In particularly severe cases, or in cases in which heartworm blockage has developed, dogs may require surgery to remove heartworms.
- How can I protect my dog against heartworm? Prevention, prevention, prevention! Heartworm is almost 100% preventable in dogs, with very little effort. While there is currently no vaccine available to prevent heartworm, there are several preventive medications available, including a once-a-month chewable tablet, a once-a-month topical treatment, and a twice-a-year injection. As an added benefit, some of these medications help guard against other parasites, such as roundworms, hookworms, and fleas and ticks. Year-round use of preventive medication is recommended, regardless of where you live – heartworm has been detected northern states even during the winter!In addition to preventive treatment, it’s important to get your dog tested for heartworm annually as part of his routine wellness check-up. If your dog has not been on preventive medication previously, you will also need them to be tested prior to starting the medication and six and twelve months later. If you forget to give your dog his preventive medication for more than one month, he should also be tested before re-starting the medication.
- How much will it cost to get my dog tested for heartworm? As with any veterinary cost, the price of testing your dog for heartworms will depend on your geographic area and your specific vet. Generally speaking, blood antigen tests to detect heartworm disease will cost anywhere from $40-100, plus the cost of the office visit. If your vet recommends an x-ray or echocardiogram, your bill could increase significantly – anywhere from $100-300 for each procedure.The cost of monthly heartworm prevention is very reasonable; a yearly supply will only cost you $30-80, depending on your dog’s weight. When it comes to heartworm, prevention is by far your most cost-effective option – once a dog is infected with heartworm, treating the disease can cost you upward of $1,000-2,000. As we’ve mentioned in other articles, pet insurance is a great option to help defray the cost of illness or accidents. Many insurance policies will even help cover your dog’s annual physicals, including annual heartworm tests. If you do find yourself facing a large out-of-pocket vet bill as your dog recovers from heartworm, CareCredit offers financing with no interest rate (for an agreed-upon period of time) for medical costs.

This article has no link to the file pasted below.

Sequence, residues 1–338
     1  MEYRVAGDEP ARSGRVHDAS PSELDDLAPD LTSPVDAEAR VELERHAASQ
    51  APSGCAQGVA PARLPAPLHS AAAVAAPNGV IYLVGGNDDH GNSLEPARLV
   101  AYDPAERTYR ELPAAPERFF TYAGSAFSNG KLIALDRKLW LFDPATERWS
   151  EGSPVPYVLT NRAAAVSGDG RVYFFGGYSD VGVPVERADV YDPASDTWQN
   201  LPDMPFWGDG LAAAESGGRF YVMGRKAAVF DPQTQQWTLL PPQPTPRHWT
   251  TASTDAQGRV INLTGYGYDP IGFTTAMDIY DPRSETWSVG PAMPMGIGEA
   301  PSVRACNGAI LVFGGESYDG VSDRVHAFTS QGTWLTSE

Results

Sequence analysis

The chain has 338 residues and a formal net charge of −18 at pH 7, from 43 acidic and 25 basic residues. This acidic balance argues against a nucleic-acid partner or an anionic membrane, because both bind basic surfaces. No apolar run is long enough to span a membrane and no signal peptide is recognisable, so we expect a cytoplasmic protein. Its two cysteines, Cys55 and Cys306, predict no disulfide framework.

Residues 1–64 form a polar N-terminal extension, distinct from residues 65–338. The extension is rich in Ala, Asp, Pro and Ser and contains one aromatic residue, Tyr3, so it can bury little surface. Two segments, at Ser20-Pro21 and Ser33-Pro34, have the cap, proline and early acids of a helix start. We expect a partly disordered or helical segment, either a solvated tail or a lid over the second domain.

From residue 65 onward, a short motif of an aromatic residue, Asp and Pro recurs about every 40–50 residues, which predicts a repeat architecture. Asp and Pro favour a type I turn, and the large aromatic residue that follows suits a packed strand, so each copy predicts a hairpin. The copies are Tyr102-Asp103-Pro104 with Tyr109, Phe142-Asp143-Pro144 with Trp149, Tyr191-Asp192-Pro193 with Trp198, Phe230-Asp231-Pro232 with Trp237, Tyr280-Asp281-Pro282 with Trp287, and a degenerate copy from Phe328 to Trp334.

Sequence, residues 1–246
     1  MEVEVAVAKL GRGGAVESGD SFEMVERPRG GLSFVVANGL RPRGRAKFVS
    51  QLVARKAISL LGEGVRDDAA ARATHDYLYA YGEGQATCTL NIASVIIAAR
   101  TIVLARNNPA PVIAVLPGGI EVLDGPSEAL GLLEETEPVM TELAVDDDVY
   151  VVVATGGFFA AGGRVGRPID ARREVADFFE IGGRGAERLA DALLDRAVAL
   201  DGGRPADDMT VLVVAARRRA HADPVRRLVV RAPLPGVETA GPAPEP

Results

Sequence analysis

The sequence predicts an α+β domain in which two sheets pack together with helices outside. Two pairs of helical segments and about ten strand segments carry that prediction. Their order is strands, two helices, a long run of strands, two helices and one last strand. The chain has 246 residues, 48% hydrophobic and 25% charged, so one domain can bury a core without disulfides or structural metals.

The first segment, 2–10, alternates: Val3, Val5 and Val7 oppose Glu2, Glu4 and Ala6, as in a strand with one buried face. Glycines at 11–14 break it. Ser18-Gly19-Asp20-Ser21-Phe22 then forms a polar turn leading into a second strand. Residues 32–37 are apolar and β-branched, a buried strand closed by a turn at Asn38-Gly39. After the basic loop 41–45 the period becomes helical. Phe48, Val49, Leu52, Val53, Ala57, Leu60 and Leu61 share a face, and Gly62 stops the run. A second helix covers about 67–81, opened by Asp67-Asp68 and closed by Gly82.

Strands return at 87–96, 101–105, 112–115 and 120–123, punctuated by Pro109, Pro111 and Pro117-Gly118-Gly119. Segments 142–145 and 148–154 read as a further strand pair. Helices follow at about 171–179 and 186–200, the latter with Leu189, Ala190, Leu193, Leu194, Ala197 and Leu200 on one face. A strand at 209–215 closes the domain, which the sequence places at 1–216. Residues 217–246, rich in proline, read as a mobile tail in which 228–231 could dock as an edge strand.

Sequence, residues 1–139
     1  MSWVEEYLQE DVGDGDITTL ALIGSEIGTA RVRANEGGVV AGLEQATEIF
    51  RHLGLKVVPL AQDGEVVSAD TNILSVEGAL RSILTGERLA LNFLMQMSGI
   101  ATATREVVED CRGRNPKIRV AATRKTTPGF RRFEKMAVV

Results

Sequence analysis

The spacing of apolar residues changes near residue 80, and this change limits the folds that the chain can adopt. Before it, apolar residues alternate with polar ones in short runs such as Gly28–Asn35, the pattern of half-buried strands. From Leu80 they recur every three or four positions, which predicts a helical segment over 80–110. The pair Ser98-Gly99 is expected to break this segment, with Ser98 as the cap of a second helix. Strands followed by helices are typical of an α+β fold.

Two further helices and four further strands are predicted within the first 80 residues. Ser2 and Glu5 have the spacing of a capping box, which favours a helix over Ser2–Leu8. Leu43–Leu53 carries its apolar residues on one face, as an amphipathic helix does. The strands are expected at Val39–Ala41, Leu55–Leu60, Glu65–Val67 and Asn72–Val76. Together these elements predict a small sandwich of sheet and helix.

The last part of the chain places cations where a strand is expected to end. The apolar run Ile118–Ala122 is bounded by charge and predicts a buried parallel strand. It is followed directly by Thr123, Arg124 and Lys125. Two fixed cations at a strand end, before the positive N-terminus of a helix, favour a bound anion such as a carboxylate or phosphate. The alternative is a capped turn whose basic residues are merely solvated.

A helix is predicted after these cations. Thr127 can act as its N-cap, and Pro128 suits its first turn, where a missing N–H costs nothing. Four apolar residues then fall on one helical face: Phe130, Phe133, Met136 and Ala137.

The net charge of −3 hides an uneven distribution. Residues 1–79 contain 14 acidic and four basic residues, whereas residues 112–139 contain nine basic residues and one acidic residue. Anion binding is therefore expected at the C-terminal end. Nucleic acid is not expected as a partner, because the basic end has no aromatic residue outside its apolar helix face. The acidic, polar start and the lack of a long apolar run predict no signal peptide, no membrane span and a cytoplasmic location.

- What types of canine heartworm test are there? The most common heartworm test used today is an antigen (aka serology) test, which detects microscopic pieces of heartworm skin in the bloodstream. This test has proven to be the most accurate and effective at detecting the presence of adult heartworms; one downside is that antigen tests can be less effective at detecting infections by younger worms (less than five months old). The different types of antigen tests include lateral flow tests, such as the SafePath® ZippTest® Canine Heartworm Test Kit, which can be done at your vet’s office, and the 96 well ELISA test, which requires blood samples to be sent to a reference laboratory.Prior to the development of these antigen tests, other tests looked for the presence of larvae in the bloodstream. These tests have largely gone out of fashion, though, because they were not very effective and often gave false negatives.
When it comes to keeping your dog safe from canine heartworm disease, prevention is key. Dogs should be started on monthly heartworm prevention no later than eight weeks of age and should remain on preventive treatment and get regular check-ups for their entire lives.
American Heartworm Society. “Heartworm in Dogs.” Available at https://www.heartwormsociety.org/heartworms-in-dogs#i-live-in-a-northern-state-how-long-should-my-dog-be-on-heartworm-prevention.
American Veterinary Medical Association (AVMA). “Heartworm Disease.” Available at https://www.avma.org/public/PetCare/Pages/Heartworm-Disease.aspx.
Becker, Marty. “Heartworm Treatment for Dogs: What You Need to Know.” Available at http://www.vetstreet.com/dr-marty-becker/heartworm-treatment-for-dogs-what-you-need-to-know.
U.S. Food and Drug Administration (FDA). “Keep the Worms Out of Your Pet’s Heart! The Facts about Heartworm Disease.” Available at http://www.fda.gov/animalveterinary/resourcesforyou/animalhealthliteracy/ucm188470.htm.